voice was vibrating with emotion. The teeth, the facial muscles were taut and face of the âmok-runner had been strained, the cheek-bones stood out strange to him, but in his heart there prominently, but in the glazed eyes was a haunting fear. Had not Saleh there was still a light of fierce joy. said that he would visit him that The gay garments in which the lad night?

was clothed were drenched with A hurricane-lamp was speedily pro- swamp water and stained with the duced, and by its light Jack Norris slime through which he had crawled. gazed down upon the still form of the "It's Saleh, poor little wretch,” cried thing which had once been Saleh. Jack, and there was a catch in his Fixed upon the face was the expres- voice. “May God forgive us for our sion which it had worn at the moment sorry deeds and for our glorious intenof death. The lips were drawn back tions!" over the gums, exposing the locked To which I say, "Amen!" Blackwood's Magazine.




The makers of epigrams, of phrases, of pages of all more or less brief judgments-assuredly waste their time when they sum up any one of all mankind, and how do they squander it when their matter is a poet! They may hardly describe him, nor shall any student's care, or psychologist's formula, or man-of-letters' summary, or wit's sentence define him. Definitions, because they would not be inexact incomprehensive, sweep too wide, and the poet is not held within them; and out of the describer's range and capture he escapes by as many doors as there are outlets from a forest. But a thousand failures have not yet discouraged the critic and the biographer, who continue to appraise, explain, and expound, little guessing how

much ready-made platitude brought about their guesses at a man, or what false and flat thought lies behind their epigrams. It is not long since the general guess work assigned melancholy to a poet lately deceased. Real poets, it was said, are unhappy, and this was one exceptionally real. How unhappy must he, .then, certainly · have been! And the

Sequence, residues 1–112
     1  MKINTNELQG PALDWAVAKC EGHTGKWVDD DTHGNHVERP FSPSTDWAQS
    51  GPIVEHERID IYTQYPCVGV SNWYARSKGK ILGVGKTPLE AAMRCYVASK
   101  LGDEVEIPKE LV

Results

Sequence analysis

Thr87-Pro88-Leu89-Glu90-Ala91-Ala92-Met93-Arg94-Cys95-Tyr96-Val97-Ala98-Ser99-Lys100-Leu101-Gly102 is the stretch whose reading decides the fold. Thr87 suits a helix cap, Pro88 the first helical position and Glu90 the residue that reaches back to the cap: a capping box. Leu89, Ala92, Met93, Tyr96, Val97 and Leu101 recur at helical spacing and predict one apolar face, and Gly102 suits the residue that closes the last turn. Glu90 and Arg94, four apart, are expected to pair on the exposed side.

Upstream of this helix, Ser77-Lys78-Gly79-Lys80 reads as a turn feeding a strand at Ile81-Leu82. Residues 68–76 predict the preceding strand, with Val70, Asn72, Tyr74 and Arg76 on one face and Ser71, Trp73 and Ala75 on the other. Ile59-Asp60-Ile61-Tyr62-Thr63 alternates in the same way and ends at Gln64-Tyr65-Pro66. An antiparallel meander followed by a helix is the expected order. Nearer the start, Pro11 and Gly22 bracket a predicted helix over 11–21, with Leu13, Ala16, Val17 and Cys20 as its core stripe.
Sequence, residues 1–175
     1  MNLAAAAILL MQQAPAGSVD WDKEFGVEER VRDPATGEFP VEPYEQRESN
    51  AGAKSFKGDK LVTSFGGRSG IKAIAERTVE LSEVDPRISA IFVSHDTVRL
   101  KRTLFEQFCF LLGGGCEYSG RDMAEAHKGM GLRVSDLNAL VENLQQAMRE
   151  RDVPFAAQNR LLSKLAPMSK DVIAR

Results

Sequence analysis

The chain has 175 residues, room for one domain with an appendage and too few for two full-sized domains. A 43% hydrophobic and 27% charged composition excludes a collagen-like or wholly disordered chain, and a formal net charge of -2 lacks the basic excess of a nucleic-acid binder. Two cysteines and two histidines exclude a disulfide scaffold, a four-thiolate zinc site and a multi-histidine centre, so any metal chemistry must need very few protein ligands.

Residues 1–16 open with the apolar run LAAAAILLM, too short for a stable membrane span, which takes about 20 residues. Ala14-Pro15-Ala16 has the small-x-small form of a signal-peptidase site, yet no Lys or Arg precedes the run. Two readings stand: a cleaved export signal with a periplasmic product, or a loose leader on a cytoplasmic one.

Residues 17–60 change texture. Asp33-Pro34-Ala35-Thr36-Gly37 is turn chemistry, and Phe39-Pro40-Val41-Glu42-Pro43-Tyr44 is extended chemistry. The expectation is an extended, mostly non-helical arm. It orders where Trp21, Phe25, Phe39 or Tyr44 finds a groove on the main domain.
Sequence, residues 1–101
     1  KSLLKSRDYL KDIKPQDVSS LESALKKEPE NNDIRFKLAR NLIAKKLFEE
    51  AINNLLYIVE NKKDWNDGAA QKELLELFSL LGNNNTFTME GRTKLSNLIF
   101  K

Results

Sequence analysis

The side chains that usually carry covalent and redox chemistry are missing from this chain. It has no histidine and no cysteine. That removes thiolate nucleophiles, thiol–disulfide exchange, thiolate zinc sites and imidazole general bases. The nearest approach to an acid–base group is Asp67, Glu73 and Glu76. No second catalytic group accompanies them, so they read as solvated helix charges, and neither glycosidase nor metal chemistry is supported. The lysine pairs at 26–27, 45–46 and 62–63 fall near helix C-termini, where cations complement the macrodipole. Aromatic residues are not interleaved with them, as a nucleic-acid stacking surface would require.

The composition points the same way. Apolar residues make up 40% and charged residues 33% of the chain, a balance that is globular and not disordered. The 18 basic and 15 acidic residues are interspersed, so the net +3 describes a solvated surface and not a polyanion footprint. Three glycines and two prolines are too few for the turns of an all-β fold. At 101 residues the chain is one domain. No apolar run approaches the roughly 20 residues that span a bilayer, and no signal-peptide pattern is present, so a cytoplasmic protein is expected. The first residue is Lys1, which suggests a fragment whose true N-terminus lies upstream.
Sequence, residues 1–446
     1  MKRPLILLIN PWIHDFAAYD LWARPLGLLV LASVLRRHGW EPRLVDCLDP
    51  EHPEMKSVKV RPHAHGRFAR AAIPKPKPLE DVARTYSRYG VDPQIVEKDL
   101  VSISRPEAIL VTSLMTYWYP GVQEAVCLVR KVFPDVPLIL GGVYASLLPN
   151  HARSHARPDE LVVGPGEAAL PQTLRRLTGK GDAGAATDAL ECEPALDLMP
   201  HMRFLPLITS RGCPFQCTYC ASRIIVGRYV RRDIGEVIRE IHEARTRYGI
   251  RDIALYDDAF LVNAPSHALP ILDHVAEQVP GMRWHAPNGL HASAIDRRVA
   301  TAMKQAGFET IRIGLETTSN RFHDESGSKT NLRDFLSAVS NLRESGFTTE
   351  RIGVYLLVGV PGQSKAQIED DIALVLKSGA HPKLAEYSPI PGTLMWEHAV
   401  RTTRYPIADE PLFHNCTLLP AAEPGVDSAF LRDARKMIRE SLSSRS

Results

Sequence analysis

blessed Blake himself was incidentally cited as one of the company of depression and despair! It is, perhaps, a liking for symmetry that prompts these futile syllogisms; perhaps, also, it is the fear of human mystery. The biographer used to see "the finger of God” pat in the history of a man; he insists now that he shall at any rate see the finger of a law, or rather of a rule, a custom, a generality. Law I will not call it; there is no intelligible law that, for example, a true poet should be an unhappy man; but the observer thinks he has noticed a custom or habit to that effect, and Blake, who lived and died in bliss, is named at ignorant random, rather than that an example of the custom should be lost.

But it is not only such a platitude of observation, such a cheap generality, that is silenced in the presence of the poet whose name is at the head of these pages. For if

Nature showed us a poet in whom our phrases, and the judgments they record, should be denied, defeated, and confused, Swinburne is be. We predicate of a poet a great sincerity, a great imagination, a great passion, a great intel